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  • The young American becoems just the fourth player in ATP rankings history to drop from the top 10 to outside the top 100 in a calendar year, without injuries.
By Daniel Rapaport
November 02, 2018

Jack Sock's 2018 has been a uniquely up and down journey. 

The 26-year-old began the year as the top-ranked American male singles player. On the strength of the biggest win of his career at last year's Paris Masters 1000, Sock entered the Australian Open as the eighth-ranked player in the world. He would suffer a disappointing first-round defeat in Melbourne to Yuichi Sugita. It was an ominous sign of losses to come. 

Despite a solid showing in Paris this year, which came to an end with his three-set quarterfinal loss to Dominic Thiem on Friday, Sock is set to drop outside of the top 100 when new rankings are released Monday. His singles record on the year stands at an abysmal 9-21, and this week was the first time he managed back-to-back victories all season. 

There are countless stats that underscore just how brutal this campaign was. Sock didn't beat a single top-25 player. He lost in the first round of three of four Slams, reaching just the second round at the U.S. Open. He lost to five players ranked outside the top 100, including world No. 316 Daniel Brands at the Nature Valley Invitational.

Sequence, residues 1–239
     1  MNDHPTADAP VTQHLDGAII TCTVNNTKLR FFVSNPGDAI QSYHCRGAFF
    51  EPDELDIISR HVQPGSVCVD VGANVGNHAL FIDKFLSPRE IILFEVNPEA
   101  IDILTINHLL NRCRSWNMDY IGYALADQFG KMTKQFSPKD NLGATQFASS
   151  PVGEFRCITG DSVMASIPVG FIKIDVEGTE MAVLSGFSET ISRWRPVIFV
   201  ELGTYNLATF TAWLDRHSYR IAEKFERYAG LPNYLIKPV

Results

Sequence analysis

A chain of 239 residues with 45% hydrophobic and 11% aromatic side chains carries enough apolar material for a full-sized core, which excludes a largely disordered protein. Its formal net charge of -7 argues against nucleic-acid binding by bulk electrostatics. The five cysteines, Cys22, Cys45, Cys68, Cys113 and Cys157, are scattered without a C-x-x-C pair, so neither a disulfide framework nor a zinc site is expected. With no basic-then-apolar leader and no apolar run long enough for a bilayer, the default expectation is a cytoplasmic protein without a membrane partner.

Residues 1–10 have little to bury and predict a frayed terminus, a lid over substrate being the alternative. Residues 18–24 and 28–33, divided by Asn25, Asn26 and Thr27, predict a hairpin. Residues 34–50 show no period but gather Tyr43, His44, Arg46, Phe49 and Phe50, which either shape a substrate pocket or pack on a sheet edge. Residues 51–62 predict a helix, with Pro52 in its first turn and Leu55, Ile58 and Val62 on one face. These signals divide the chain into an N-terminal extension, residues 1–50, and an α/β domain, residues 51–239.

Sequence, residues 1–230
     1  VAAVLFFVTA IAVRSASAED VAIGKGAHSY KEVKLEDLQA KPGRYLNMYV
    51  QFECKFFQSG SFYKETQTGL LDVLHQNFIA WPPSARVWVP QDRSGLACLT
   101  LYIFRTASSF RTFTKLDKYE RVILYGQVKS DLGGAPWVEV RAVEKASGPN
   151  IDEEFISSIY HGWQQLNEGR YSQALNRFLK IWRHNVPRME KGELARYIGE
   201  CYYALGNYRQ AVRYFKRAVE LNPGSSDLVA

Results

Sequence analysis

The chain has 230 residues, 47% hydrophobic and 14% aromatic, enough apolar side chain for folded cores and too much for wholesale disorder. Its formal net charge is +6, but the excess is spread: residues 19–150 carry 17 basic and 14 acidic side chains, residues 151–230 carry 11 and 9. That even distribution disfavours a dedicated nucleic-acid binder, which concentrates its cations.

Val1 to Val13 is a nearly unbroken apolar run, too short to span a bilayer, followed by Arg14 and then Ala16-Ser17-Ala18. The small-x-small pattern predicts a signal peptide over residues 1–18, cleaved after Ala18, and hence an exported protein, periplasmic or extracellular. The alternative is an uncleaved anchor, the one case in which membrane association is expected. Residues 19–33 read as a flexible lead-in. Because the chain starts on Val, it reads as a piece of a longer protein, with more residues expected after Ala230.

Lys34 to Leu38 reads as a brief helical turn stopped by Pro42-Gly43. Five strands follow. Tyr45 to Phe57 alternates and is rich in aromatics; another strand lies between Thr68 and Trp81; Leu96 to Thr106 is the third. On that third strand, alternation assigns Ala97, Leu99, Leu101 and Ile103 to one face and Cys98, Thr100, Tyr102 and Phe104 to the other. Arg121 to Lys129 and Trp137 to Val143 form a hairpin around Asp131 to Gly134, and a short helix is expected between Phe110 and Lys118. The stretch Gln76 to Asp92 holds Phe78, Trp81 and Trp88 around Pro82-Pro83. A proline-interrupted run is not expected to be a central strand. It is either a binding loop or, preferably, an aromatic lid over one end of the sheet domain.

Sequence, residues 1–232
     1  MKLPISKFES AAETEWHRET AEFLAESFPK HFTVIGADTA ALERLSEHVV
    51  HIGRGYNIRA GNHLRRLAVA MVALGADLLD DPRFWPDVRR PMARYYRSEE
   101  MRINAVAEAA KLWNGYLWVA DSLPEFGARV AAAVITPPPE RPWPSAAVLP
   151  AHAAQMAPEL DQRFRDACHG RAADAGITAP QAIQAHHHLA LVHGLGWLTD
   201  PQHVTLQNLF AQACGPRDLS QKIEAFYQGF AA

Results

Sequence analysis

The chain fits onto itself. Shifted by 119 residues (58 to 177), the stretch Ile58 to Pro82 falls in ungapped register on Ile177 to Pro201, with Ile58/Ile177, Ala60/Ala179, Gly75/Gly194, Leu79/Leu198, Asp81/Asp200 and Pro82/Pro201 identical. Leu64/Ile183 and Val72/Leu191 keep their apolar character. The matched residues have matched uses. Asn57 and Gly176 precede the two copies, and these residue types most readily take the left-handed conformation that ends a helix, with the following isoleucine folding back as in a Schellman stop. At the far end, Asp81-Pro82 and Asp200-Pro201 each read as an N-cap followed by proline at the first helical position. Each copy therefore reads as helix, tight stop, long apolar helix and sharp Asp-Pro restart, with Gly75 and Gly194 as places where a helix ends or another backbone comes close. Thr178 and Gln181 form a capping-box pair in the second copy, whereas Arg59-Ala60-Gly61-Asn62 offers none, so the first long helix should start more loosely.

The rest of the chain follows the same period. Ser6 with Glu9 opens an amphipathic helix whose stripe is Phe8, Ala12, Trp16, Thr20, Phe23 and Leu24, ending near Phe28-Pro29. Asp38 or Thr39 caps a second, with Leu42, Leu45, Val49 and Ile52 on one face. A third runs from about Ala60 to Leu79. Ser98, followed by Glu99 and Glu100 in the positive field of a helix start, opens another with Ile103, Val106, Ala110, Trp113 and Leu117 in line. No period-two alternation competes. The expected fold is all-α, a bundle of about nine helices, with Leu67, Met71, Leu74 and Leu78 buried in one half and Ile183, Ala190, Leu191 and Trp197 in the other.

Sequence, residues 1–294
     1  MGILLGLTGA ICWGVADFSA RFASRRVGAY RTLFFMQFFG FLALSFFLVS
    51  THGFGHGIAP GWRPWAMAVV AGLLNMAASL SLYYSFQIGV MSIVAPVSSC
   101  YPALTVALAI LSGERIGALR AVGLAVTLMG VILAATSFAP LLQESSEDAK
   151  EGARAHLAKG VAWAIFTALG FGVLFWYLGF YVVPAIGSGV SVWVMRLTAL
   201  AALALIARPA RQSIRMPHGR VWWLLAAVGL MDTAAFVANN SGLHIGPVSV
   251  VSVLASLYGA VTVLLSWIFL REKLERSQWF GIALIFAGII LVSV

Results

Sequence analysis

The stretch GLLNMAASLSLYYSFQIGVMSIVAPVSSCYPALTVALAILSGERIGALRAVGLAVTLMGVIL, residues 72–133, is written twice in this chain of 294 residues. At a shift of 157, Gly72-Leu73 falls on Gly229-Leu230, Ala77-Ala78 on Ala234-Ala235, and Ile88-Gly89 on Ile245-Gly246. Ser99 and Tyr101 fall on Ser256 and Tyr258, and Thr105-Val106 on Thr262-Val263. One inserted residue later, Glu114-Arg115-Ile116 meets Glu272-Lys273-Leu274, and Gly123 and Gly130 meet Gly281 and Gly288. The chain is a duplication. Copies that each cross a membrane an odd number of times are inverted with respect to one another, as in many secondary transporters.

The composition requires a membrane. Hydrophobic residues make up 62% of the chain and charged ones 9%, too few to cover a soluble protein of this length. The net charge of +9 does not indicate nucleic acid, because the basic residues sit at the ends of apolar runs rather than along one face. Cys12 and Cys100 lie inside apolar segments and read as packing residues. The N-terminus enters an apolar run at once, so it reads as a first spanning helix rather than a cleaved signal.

It is not terribly surprising, then, that Sock is set to become just the fourth man to begin a year ranked inside the top 10 and finish it outside the top 100, without suffering a significant injury. 

On the surface, it's a year to forget. And that's putting it kindly. But then there's his doubles.

Sock filled in for the injured Bob Bryan and teamed up with Mike Bryan throughout the summer, and he blossomed into one of the very best doubles players in the world. Sock and Bryan captured the Indian Wells, Wimbledon and U.S. Open titles together as Sock reached No. 2 in the doubles rankings.

Sock's mini singles resurgence in Paris—he defeated Richard Gasquet and Malek Jaziri to make the quarters—likely booked him a place in next year's Australian Open. He's projected to fall to world No. 105, which should be enough to gain him entry to the main draw and avoid the embarassing scenario of having to qualify for a tournament in which you were a top-10 seed just a year ago. 

It's hard to label a two-major year as a disappointment, even if the wins did come in doubles. The success and prize money he and Bryan earned certainly made the singles defeats a bit easier to swallow.

But Bob Bryan will eventually return from his hip surgery, and one has to think Mike will return to playing with his brother. Perhaps that will allow Sock to hone his focus on singles, where he reigned as the U.S.' top dog just 10 months, nine wins and 21 losses ago. 

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